For Children 4 Months Old or Older Who Have Been Immunized
1. Take Temperature
Rectal. For a child under 4 or 5 months, use a rectal thermometer to get an accurate reading. A child has a fever if the rectal temperature is above 100.4 F.
Oral. For a child over 4 or 5 months, you can use an oral or pacifier thermometer. The child has a fever if it registers above 100.4 F.
Ear. If the child is 6 months old or older, you can use an ear or temporal artery thermometer, but this may not be as accurate. Still, under most circumstances, it's a reasonable way to get a good enough estimate. If it's essential that you get an accurate reading, take a rectal temperature.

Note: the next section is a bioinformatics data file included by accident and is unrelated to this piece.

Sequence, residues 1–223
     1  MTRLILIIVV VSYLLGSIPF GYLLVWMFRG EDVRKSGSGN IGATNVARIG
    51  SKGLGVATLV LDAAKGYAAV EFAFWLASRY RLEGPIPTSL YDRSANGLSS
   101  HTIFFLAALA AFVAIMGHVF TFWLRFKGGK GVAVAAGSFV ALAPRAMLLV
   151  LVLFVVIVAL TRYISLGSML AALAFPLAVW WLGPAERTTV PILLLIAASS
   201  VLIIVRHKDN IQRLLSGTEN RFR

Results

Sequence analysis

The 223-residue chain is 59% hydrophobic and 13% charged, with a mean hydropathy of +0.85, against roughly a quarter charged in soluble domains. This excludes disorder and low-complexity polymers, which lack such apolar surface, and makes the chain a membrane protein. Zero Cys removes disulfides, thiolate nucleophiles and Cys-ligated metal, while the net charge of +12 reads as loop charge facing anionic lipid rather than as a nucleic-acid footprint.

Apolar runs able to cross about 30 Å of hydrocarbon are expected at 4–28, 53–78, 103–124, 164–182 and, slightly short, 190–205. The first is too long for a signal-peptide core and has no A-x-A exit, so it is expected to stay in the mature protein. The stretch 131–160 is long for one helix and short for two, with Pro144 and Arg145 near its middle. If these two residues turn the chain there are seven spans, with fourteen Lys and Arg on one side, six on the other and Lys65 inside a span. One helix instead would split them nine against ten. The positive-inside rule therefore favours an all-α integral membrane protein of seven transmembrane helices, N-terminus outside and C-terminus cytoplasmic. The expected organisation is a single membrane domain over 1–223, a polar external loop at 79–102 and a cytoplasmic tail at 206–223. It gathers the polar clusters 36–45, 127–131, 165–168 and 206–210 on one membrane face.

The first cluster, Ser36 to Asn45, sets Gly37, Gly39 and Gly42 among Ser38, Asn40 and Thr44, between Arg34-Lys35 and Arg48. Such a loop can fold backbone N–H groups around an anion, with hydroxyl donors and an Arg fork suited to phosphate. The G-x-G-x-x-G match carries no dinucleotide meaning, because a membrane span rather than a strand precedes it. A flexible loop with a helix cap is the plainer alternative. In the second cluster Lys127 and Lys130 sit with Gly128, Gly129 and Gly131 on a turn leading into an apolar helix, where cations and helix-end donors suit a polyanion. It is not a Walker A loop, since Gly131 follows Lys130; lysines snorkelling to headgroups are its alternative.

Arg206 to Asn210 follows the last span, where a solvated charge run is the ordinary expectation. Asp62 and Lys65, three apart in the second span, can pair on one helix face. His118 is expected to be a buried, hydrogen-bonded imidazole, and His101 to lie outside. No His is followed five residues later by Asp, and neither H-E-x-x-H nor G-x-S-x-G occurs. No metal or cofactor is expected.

Armpit. If you take the child’s temperature in the armpit, a reading above 100.4 F usually indicates a fever.
2. If Temperature Is Below 102 Degrees F
You don't need to treat the fever unless the child is uncomfortable.
Make sure the child gets plenty of fluids and rest.
3. If Temperature Is Above 102 Degrees F but Below 105 Degrees
You can give child-formula acetaminophen (Tylenol). Ask your pediatrician before giving any fever-reducing medicine to a child for the first time.
Bathing or sponging the child with lukewarm water may help bring down the temperature. Do not use cold water, ice baths, or alcohol.